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Cultivating a quality campus

Friday, August 15th, 2014 | Posted by


By Nick Walden / Towns Correspondent

SSU1When choosing a college there is one important factor sometimes overlooked: quality of life. The campus setting is one aspect that many graduating students have noted as playing an important role in the overall quality of life experienced when on the campus and beautiful campuses tend to rank highly in that regard.

Until recently Sonoma State University was not often considered one of the top schools in the country, let alone state, based on beauty; but times have changed.

The Princeton Review, a company that annual ranks schools based on a range of categories and polling students, uses both ‘most beautiful campus’ and ‘least beautiful campus’ in their ranking system.

The website ‘Thebestcolleges.org’ recently comprised a ranking for “The 50 Most Amazing College Campuses for 2014″ and Sonoma State found itself placed at 34 out of all the colleges in the nation. They were just ahead of Duke University and Whitman College, both schools that regularly rank very highly in annual polls of beautiful campuses.

According to Thebestcolleges.org, polling they have conducted of recent college graduates has shown that the campus setting and campus beauty plays a vital role in overall quality of life and satisfaction of the total college experience.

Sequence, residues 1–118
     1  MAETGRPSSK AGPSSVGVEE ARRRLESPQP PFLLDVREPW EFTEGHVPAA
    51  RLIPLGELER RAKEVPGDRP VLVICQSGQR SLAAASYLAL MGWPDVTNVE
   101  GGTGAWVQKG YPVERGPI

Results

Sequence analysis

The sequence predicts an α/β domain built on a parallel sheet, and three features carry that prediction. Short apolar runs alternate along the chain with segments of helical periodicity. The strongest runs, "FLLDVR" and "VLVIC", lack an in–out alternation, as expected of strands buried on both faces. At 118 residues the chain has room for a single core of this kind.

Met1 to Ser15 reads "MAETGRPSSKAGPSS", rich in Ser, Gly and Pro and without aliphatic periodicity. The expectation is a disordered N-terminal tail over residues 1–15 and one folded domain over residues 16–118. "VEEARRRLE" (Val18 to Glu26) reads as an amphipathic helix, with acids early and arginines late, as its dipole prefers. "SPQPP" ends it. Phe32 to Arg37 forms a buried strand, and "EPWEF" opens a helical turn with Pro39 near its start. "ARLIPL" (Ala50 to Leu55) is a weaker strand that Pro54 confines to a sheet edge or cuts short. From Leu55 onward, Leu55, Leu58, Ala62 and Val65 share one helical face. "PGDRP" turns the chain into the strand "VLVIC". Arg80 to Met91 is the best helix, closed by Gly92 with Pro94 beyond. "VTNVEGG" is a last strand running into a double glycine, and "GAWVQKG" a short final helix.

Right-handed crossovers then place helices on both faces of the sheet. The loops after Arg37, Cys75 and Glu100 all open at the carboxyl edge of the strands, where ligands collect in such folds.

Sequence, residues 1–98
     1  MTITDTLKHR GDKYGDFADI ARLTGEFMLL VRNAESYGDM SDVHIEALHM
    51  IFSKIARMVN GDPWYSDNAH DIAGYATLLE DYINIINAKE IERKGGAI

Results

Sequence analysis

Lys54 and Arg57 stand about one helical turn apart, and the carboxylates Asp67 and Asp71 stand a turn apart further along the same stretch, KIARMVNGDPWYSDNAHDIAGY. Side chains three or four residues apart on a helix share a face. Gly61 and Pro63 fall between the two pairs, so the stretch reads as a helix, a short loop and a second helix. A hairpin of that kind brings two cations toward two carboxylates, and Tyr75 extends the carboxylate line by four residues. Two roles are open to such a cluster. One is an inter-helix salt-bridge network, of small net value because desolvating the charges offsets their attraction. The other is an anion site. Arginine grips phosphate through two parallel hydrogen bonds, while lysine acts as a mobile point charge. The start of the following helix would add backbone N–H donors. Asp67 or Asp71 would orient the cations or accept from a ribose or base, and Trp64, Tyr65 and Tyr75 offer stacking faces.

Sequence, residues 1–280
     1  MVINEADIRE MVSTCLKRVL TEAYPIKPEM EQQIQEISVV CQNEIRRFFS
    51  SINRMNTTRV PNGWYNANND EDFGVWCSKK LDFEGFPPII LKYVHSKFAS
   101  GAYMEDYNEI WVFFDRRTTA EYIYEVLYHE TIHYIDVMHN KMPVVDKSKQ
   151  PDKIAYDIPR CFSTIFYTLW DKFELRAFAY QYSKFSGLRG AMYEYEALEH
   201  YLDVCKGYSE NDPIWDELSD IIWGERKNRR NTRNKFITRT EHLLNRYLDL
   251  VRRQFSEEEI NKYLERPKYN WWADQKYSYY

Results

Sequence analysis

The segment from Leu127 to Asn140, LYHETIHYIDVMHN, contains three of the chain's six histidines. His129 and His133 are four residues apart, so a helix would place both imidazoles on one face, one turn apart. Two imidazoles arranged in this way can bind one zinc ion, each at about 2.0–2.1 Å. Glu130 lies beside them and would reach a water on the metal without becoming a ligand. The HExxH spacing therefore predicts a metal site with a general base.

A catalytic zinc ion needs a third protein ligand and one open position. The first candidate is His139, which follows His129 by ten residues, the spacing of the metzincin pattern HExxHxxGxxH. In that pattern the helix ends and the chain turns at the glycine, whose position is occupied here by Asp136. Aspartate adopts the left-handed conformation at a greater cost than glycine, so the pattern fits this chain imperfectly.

While SSU might not possess the rich architectural history of some of the schools that have a century or more under their belt, what it does have is a combination of landscaping, modern buildings and a focus on sustainability and renewability that makes the school unique among some of its peers on the list.

DSC_0908The school is nestled among 269 acres of lush landscaping that includes approximately 10,000 trees comprised of over 200 varieties and a multitude of other flora that provides a stunning background for education.

According to Christopher Dinno, Associate Vice-President for Administration and Finance, a small contingent of 20 full-time Landscape Specialists maintain the landscape including athletic fields. Each landscaper is responsible for their own “zone” of the campus which is why areas might have slight differences in style and arrangement.

With a focus on sustainability and being environmentally friendly, the SSU campus has become one of the top “green” campuses in the country for small universities.

“We are always cycling through certain areas on campus to try to improve the aesthetic look and replace dead and dying plants, trees and ground cover,” Dinno said. “From a sustainability perspective we use reclaimed water throughout all of the campus landscape areas. We try to select drought tolerant plants and trees that are native to the area when possible.”

There is also a strong connection between how landscaping and buildings connect. Older buildings, such as Stevens Hall, is the classic grey-stone building with green ivy and small greens that mirror more of a classic institutional look while newer areas boast a more modern style.